The adoption of CSS Regions is definitely moving along swiftly. They are now supported in Mobile Safari on iOS7, Opera, Chrome Canary, Chrome Stable & WebKit nightly. Browser support continues to evolve and can be tracked here.
CSS Regions allow you to define content that can “flow” through a series of defined regions on the page, so you can create magazine-type layouts and responsive websites through simple CSS. I wrote about how you can use CSS Regions for creating responsive content in an earlier article. I’d definitely recommend reading that before continuing here if you haven’t already done so. It should give you a good basic understanding of how CSS Regions work.
Defining one piece of HTML markup as the source for another piece of markup is an extremely powerful, but very different way of thinking about Web page layout. You’re very likely going to want good authoring tools, and the ability to debug in-browser to figure what’s going on when your site behaves unexpectedly.
What we’ll describe here are some options for authoring and debugging Web layouts that use CSS Regions.
I explained a bit about compositing and blending in a previous post, how Canvas blending lets you achieve in a Canvas the same kinds of blending effects you’d find in Photoshop.
Updated – September 24, 2013:
Canvas Blending is also supported on Firefox and iOS7 Safari
Programmatically working with the blend mode is pretty straightforward. You just take your Canvas context and set the variable globalCompositeOperation:
var ctx = canvas.getContext('2d');
ctx.globalCompositeOperation = 'multiply';
If you’re viewing this post with Chrome and have turned on experimental Webkit features, or you’re running the latest stable version of Firefox or iOS7 Safari, you’ll be able to actually play with this feature below. Try experimenting with the blend mode and/or color and then drawing on the image.
Check out this Pen!
If the blending is not working for you above, check out this video:
Did you know that on Chrome you can specify complex clip paths for your content very easily using the clip-path CSS property?
With the standard clip property, you can specify a rectangular clipping area for absolutely positioned elements, as in:
clip: rect(5px, 100px, 100px, 5px);
If you ask me, that’s of pretty limited use.
With the clip-path property (-webkit-clip-path on Chrome) however, you can specify any of the following 4 basic shapes for clipping:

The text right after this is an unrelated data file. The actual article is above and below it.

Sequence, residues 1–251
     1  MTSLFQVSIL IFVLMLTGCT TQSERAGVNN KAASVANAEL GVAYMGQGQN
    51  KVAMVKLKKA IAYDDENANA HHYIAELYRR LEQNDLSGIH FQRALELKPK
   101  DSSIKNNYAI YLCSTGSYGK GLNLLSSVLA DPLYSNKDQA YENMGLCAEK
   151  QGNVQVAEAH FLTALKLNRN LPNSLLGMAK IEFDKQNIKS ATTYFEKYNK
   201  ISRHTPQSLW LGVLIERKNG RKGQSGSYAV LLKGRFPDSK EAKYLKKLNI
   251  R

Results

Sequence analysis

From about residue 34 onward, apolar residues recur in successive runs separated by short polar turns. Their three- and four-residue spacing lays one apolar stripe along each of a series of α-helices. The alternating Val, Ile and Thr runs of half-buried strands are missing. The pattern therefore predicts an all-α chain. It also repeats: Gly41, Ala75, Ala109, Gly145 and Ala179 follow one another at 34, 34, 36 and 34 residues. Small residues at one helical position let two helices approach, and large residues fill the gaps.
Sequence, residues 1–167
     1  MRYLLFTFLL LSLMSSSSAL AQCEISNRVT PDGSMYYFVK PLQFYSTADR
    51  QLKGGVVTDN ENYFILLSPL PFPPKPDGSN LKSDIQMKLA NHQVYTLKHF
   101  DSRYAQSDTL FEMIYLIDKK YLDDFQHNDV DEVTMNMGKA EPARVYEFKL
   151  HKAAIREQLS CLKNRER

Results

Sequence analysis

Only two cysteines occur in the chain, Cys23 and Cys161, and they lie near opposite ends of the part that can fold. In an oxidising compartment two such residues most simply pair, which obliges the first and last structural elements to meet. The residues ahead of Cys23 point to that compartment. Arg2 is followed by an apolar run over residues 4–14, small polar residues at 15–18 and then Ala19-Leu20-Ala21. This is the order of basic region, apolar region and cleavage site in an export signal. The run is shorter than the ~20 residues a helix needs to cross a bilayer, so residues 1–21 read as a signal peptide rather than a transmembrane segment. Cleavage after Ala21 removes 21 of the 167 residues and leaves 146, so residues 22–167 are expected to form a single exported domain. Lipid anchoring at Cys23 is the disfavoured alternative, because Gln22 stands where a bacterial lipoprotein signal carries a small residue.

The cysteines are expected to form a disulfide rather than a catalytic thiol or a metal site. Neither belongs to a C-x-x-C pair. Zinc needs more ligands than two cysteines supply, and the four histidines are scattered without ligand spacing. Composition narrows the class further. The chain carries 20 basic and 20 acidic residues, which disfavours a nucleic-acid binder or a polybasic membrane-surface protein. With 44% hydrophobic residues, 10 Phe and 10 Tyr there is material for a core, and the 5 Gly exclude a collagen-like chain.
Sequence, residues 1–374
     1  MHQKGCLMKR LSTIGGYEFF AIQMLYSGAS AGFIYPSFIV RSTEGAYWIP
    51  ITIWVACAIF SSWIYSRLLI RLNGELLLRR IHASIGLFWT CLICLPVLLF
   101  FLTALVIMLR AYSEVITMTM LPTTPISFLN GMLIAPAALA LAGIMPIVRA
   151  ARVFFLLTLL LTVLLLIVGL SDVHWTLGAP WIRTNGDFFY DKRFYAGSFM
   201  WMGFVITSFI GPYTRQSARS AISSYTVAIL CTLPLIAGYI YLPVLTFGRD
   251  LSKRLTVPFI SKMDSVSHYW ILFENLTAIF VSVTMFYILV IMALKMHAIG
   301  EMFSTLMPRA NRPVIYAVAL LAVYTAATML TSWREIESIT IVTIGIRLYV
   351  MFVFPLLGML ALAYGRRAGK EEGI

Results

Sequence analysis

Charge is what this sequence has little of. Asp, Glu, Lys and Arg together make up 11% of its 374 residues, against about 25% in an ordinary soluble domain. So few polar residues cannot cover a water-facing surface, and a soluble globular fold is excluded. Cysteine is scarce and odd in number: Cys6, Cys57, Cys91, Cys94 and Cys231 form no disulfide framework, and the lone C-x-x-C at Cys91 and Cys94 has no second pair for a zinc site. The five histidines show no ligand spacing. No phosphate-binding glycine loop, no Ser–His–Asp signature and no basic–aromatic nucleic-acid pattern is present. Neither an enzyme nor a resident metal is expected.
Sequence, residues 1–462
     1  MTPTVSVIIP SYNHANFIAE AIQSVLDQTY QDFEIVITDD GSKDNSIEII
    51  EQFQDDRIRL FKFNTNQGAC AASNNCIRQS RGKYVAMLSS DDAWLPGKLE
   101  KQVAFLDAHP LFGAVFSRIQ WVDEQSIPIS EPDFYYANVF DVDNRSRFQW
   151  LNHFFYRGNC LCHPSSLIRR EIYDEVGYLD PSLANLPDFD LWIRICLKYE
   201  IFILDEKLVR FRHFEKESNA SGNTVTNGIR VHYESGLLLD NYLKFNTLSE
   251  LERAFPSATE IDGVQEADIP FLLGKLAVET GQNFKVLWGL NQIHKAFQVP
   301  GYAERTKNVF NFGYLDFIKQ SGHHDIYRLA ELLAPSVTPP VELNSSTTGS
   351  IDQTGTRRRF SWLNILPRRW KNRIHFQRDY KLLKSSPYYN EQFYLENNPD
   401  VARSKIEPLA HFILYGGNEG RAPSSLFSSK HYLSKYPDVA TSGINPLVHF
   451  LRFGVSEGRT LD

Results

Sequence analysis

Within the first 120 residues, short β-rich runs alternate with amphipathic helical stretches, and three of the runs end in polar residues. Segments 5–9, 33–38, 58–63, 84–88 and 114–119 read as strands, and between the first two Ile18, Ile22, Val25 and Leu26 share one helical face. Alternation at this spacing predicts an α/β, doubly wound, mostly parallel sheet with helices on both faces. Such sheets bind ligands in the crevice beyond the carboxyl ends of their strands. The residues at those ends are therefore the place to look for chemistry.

- rectangle(<top>, <left>, <width>, <height>, <rx>, <ry>) – rectangle with a top, left, width, height and optional rounded corner radii
- circle(<cx>, <cy>, <r>) – circle with a center and radius
- ellipse(<cx>, <cy>, <rx>, <ry>) – ellipse with a center and x and y radii
- polygon(<x1> <y1>, <x2> <y2>, …, <xn> <yn>) – polygon with a list of points
Say you have a black & white image and want to display it in many different 2-color schemes.
Or you could use the new duotone CSS custom filter I’ve built. You can find the source for the new filter on Github here. Continue reading
My last post talked about how you can create a Photoshop-like soft blur effect with built-in filters. As I started reading more about how you would actually create that soft blur effect in Photoshop though, I realized that often you don’t want the soft blur to apply to people’s faces. You want to apply a layer mask which essentially punches through the soft blur around the central subject’s face to reveal the crisp underlying photo on the bottom layer. Continue reading
I recently went over to the cnet.com site and was confronted with an ad that really surprised me. The whole home page itself became a set of curtains that parted to reveal an ad from IBM. The texture of the curtains themselves was the home page. Of course, this was faked out with Flash. If you look carefully the curtain texture isn’t exactly what was on the page, but it’s close enough that you don’t really notice. But then I thought, I bet I could do that easily with CSS Shaders, and with the actual content as texture to boot. Continue reading
I’ve created a video below as a detailed walkthrough of the Adobe CSS FilterLab, from installation, to configuring & developing custom shaders, to collaborating with others on filter development. Before FilterLab, I used to describe custom shader development as essentially ‘programming in the dark’. No debug statements, no tracing, no nothing. Now you can visually interact with your shader and see realtime errors. That’s a huge leap forward.
If you have any interest in CSS Custom Filters, using or developing them, I couldn’t recommend FilterLab more. Continue reading
I’ve been giving several talks lately, talking about the different CSS standards Adobe is involved with, and the contributions we’re making to WebKit. In order to make things easy, I had created a single web page with links to various demonstrations. But I wanted something subtle on the link page itself that used CSS shaders in a way that would raise an eyebrow or two, to make people realize something different was going on here. Continue reading
Anyone playing around with CSS Shaders has probably discovered very quickly how difficult it is to debug your shader. There are no debuggers, no breakpoints, not even a simple console.log. Fortunately, I’ve found a few simple things you can do to prevent you from ripping your hair out. Continue reading
CSS Shaders are a new and relatively easy way to bring cinematic effects to the web. You can find out all about them on the ADC, on the Adobe & HTML site or you can read the actual W3 draft proposal. While there are many articles out there showing how to use shaders, actually building your own custom shader is another story. That’s what we’re going to do here. Continue reading